Another possible suspect could be related to the other residents of the home. While waiting for their new house to be built, the McClungs sold their home to a seamstress and her husband, with the McClungs temporarily residing on the house’s second floor. 

“The media reported that the McClungs’ section of the home was in shambles,” Poe said. “Clothing, linens, wood, and other items covered the floors. It had even been claimed that John McClung had been sleeping on a pile of rags in the corner of their room. Could stress over their strange and unkept housemates have encouraged the new tenants to commit the crime? 

The female tenant was one of the first people on the scene of the crime, which was odd considering how early in the morning it was and how quiet the actual crime was reported to have been. These tenants had motive and more than enough opportunity to kill Rebecca.”

119 years later, the case still captivates Mason residents, including Poe. The stay-at-home orders in the wake of the coronavirus outbreak proved to be a silver lining for Poe’s research. She was able to collect numerous historical documents pertaining to the case, including court transcripts and coroner’s records.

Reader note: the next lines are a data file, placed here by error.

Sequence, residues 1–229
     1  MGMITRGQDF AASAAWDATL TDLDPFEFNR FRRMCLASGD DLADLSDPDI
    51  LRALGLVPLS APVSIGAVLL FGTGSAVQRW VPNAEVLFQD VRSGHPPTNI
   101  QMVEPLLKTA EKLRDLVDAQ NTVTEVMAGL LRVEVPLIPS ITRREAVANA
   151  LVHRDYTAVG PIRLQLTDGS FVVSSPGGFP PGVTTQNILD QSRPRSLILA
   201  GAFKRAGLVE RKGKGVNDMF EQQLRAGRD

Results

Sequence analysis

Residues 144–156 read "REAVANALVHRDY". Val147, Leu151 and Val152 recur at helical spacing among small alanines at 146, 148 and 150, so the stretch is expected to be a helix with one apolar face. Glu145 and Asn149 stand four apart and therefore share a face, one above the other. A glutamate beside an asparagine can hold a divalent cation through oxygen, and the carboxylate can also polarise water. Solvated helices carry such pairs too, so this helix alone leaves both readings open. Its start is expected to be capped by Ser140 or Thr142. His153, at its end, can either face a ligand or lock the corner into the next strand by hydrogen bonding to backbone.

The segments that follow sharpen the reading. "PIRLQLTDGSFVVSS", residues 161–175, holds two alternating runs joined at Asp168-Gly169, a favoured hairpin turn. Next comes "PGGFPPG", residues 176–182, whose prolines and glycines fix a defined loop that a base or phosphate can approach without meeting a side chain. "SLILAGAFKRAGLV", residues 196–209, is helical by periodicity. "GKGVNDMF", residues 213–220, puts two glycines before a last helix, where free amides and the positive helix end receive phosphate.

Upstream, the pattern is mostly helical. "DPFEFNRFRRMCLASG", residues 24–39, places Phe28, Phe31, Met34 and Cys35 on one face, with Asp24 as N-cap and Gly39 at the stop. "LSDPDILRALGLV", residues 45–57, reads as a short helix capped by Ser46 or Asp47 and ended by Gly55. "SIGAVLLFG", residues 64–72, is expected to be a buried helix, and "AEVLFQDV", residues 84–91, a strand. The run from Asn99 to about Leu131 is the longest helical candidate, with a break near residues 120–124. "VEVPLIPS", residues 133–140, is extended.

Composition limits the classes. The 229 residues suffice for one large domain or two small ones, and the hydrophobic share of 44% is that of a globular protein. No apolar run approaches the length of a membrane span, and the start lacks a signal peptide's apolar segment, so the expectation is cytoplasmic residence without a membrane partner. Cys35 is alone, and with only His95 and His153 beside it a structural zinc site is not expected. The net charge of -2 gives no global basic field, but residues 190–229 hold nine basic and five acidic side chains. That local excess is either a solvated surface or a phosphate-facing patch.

“For some people, they dedicated their quarantine to learning new hobbies, sleeping, and watching Netflix,” Poe said. “But for me, I spent a lot of my quarantine time by contacting records offices, combing through old newspapers, and learning to read the squiggly cursive on historical documents! Old newspaper articles have been very helpful in providing me with a basis of important information that I should research. I don’t really trust these newspapers to provide me with truthful evidence, but they have been a great resource to point me in the right direction.”

So where is all this research heading? Poe’s ultimate goal is to write and publish a book about the case.

“It is in its very early stages,” Poe said. “It may be too generous to call it a book right now. I definitely intend on expanding my writing about the McClung case, however I don’t want to publish any unsubstantiated information. In a perfect world, I’d have access to a cold case officer, a criminal profiler, etc., but unfortunately for me, it’s not easy to find help when you’re a highschool student on a budget.”

Ultimately, Poe wants to put a face to a name and publicize the truth.

“It struck me as incredibly unsettling that Rebecca McClung never achieved justice, and how her life has been reduced to a scary ghost story that people tell during the Halloween season,” Poe said. “I couldn’t accept the narrative that Rebecca lived – and died – as a voiceless woman. If I could show people that Rebecca was a person, and not just a story to share on Halloween, I’d be satisfied. Until then, I’ll continue to research her case in hopes of delivering the justice that she deserves.”